Hepatitis A is more common in developing countries where sanitation is poor and access to clean water is limited. Hepatitis A is more common in parts of Africa, Asia, Central and South America, and Eastern Europe than it is in the United States.

Hepatitis A Vaccine And International Travel

Who should get the hepatitis A vaccine before traveling internationally?

All unvaccinated people, along with those who have never had hepatitis A, should be vaccinated before traveling to countries where hepatitis A is common. Travelers to urban areas, resorts, and luxury hotels in countries where hepatitis A is common are still at risk. International travelers have been infected, even though they regularly washed their hands and were careful about what they drank and ate. Those who are too young or cant get vaccinated because of a previous, life-threatening reaction to the hepatitis A vaccine or vaccine component should receive immune globulin. Travelers to other countries where hepatitis A does not commonly occur are not recommended to receive hepatitis A vaccine before travel.

How soon before travel should I get the hepatitis A vaccine?

You should get the first dose of hepatitis A vaccine as soon as you plan international travel to a country where hepatitis A is common. The vaccine will provide some protection even if you get vaccinated closer to departure. For older adults , people who are immunocompromised, and people with chronic liver disease or other chronic medical conditions the health-care provider may consider, based on several factors, giving an injection of immune globulin at the same time in different limbs.

What should I do if I am traveling internationally but cannot receive hepatitis A vaccine?

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Hepatitis A And B Vaccine

Hepatitis is an inflammation of the liver that can be deadly. There are five main hepatitis viruses, known as A, B, C, D and E. Hepatitis is most often caused by the A and B viruses.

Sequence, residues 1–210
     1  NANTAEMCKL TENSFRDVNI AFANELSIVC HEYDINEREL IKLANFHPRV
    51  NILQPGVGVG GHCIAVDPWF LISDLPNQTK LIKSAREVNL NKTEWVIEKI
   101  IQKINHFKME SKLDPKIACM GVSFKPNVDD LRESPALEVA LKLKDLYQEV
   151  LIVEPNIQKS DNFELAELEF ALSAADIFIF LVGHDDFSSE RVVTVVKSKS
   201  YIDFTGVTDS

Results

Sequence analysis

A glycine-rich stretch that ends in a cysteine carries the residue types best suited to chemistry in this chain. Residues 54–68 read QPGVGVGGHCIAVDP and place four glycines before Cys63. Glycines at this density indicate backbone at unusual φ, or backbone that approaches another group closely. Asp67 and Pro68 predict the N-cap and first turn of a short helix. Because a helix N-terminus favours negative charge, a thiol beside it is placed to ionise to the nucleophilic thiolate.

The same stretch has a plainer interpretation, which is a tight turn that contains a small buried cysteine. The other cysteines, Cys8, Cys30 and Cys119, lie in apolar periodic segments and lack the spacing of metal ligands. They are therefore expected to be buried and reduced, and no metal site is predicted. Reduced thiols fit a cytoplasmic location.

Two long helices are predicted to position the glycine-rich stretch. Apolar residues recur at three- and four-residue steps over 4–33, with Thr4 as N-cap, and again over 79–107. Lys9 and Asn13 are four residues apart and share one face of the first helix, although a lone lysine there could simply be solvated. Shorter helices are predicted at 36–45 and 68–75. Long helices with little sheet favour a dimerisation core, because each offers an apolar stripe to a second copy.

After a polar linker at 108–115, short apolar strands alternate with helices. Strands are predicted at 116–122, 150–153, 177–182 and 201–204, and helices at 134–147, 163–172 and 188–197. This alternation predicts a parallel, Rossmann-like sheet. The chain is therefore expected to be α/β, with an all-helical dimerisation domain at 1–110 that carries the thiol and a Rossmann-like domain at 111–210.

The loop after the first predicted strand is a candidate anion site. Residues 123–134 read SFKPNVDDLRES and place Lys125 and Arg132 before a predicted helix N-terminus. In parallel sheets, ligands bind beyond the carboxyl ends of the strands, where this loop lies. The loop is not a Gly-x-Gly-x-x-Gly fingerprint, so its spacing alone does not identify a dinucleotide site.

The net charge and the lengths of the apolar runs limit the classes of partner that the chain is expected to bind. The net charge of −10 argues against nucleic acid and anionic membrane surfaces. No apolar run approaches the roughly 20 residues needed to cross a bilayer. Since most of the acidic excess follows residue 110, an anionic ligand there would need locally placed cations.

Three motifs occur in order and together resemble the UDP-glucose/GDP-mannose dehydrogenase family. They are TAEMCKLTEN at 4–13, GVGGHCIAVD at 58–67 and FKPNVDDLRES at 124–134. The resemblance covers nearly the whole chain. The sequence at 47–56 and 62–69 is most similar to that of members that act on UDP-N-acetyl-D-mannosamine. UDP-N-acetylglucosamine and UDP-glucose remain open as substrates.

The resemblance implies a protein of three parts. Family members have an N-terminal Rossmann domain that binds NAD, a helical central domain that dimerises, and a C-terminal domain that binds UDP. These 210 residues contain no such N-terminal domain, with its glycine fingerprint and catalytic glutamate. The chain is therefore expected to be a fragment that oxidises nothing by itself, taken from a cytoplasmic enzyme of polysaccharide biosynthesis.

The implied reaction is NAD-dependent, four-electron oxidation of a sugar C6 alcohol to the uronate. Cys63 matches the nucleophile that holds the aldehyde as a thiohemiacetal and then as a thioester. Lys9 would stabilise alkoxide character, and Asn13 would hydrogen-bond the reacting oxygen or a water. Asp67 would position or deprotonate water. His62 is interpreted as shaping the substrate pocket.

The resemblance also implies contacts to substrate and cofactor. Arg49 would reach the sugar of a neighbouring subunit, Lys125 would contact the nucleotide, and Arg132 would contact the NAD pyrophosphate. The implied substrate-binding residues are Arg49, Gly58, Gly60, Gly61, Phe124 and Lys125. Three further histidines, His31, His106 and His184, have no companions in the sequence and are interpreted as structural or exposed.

Hepatitis A is commonly spread through infected food or water. It is more common in countries without safe water or sewage systems. Hepatitis B is spread through sexual contact or contact with blood. It can also be passed from mother to child.

Vaccines can prevent hepatitis A and hepatitis B. There is also a combination vaccine that protects against both viruses.

Complications Of Hepatitis A

Addressing Adult Patientsâ Hepatitis B Vaccine Concerns with Dr. Sandra Leal

Complications of hepatitis A are uncommon. Rarely, it may develop into fulminant hepatitis, for which mortality can be as high as 60%. 2,11 The case-fatality rate of hepatitis A increases with age and varies according to the population.2

Hepatitis A does not cause chronic liver disease. Relapse occurs in up to 10% of cases, but all relapsed cases recover.

Also Check: How To Treat Viral Hepatitis

What Are The Possible Side Effects Of Hepatitis A Immunisation

All medicines and vaccines can have side effects. Sometimes they are serious, most of the time theyre not.

For most people, the chance of having a serious side effect from a vaccine is much lower than the chance of serious harm if you caught the disease.